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Blending information and instructionFirst published July 09, 2001 by Maish Nichani
In his book, E-Learning: Strategies for Delivering Knowledge in the Digital Age, Marc Rosenberg, identifies "information" as being an equally important part of learning as "instruction" is. In this article, I analyze some practical implementations of systems that blend these two aspects of learningÑa concept that seems to be catching on with many LMS vendors these days.
Information Vs. Instruction
Consider two scenarios: 1) a new business manager who needs to be inducted into the organization, and 2) a customer-support officer in a bank who needs to be updated on new promotions, services, etc., offered by the bank.
In the case of the new business manager, would you make him sit through a training session that outlines the objectives, deploys a specific instructional strategy, and finally assesses him on his understanding? No. Rather, you would describe some the of the basics, and then show him how he can access the relevant information (policies, forms, processes, etc.) in the company intranet. The new manager knows his job, he just needs to find the right information at the right time. The induction programme should orient him to finding this information.
Take the case of the customer-support officer. She is in direct contact with the bank's customers, and thus is responsible for a very important function. She not only needs to have all the right answers but also the right customer-centric attitude. When the bank introduces new services, she needs to know exactly what these services are, and how to explain them from the customers' point of view. In such a case, would you give her a service description database and a search function to do her job? No. Rather, you would implement a training session, where you would instruct and assess her on all angles of this new offering. You would research and deploy the most effective instructional strategy to meet these needs. In this case, information in itself won't suffice. Instruction is needed to achieve the desired performance.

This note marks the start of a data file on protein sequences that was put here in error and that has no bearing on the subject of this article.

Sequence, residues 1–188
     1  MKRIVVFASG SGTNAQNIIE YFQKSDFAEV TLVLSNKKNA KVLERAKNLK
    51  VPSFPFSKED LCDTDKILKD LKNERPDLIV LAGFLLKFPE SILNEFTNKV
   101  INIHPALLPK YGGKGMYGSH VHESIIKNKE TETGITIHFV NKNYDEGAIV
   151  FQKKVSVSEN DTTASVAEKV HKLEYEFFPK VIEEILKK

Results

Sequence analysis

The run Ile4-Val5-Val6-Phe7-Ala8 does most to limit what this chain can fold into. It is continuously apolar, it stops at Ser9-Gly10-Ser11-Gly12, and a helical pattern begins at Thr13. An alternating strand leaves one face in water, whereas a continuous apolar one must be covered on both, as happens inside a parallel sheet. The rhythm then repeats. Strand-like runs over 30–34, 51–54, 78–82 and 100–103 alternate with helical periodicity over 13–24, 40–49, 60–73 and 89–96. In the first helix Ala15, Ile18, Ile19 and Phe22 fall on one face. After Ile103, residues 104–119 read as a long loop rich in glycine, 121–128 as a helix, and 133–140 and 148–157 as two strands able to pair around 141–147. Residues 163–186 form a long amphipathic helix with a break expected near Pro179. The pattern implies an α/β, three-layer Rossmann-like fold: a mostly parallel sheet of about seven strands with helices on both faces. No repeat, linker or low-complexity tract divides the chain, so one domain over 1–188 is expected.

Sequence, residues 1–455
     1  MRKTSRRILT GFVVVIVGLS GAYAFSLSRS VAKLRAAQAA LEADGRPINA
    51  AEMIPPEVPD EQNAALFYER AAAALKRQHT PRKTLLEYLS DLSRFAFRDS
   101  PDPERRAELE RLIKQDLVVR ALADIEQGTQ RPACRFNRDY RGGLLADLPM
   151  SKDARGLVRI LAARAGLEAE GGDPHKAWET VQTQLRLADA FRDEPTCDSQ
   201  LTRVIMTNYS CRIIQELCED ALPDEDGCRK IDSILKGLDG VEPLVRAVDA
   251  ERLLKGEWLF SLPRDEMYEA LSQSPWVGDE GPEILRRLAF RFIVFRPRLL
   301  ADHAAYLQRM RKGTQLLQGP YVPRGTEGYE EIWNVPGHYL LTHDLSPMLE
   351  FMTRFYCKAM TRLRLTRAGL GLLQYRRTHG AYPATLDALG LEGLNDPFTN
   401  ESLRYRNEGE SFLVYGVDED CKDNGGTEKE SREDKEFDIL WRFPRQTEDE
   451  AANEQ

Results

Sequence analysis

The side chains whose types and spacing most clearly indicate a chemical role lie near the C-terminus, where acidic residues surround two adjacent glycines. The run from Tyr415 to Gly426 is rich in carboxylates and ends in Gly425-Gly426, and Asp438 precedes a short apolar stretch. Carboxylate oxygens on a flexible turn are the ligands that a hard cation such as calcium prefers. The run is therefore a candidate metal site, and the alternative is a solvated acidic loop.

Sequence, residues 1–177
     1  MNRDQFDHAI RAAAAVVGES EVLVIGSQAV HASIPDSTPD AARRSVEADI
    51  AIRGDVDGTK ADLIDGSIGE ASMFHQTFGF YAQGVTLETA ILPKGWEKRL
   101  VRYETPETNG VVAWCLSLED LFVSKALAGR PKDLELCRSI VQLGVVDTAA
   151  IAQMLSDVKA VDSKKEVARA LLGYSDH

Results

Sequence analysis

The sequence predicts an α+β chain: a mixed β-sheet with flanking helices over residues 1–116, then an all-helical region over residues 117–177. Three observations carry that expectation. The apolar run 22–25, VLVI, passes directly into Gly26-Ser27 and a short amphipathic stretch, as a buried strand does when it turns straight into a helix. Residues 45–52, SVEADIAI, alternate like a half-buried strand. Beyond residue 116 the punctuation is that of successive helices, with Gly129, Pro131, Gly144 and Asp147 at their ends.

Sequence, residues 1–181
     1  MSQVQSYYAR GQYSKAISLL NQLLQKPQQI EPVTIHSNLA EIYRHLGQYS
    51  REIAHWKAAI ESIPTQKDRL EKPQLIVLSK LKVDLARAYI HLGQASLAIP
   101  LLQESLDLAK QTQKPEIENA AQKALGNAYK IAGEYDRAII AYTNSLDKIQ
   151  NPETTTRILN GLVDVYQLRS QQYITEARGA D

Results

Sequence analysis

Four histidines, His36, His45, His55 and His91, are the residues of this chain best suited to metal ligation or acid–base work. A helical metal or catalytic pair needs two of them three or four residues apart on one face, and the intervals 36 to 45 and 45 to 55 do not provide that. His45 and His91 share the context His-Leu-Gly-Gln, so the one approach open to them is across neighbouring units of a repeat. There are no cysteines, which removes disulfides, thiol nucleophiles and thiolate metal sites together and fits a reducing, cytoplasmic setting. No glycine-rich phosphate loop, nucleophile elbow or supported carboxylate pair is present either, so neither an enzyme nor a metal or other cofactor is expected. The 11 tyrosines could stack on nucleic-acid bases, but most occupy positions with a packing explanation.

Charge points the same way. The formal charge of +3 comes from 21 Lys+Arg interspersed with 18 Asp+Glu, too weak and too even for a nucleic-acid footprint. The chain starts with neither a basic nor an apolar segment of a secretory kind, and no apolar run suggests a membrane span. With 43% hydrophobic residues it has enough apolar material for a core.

Thus, there is a need to recognize that both information and instruction help in learning. As Rosenberg states:
"Some people argue that information is not training. That may be true, but if we value the information we are seeking enough to find it and understand it, i.e., turn it into knowledge, it may not be training, but it is learning. After all, if people didn't learn from information, why would anyone use a library in the first place? (p.65)
The following table lists the different characteristics of information and instruction (Rosenberg, p.13):
|Focused on a specific organization of content||
Focused on a specific learning outcome
|Purpose defined primarily by users||Purpose defined by instructional designers, instructors, etc.|
|Based on the characteristics of the particular knowledge discipline and targeted users||Based on a strong diagnosis of user characteristics and needs, and targeted to meet those specific needs|
|Sequenced for optimum reference||Sequenced for optimum memory retention|
|Primarily centered on effective presentation||Contains presentation, practice, feedback, and assessment components|
When it comes to building applications or systems catering to a total learning solution, both these components of learning need to be incorporated. We can get a good working knowledge of how this can be done by taking a look at the support websites of Adobe and Macromedia.
The Adobe and Macromedia support websites
The support websites of Adobe and Macromedia are built to provide customer support for their products and servicesÑnot just on solving problems, debugging, and troubleshooting, but also on using and extending their products.
Both support websites offer a blended set of informational and instructional features that are listed below:
The Adobe support site calls it "Top Issues".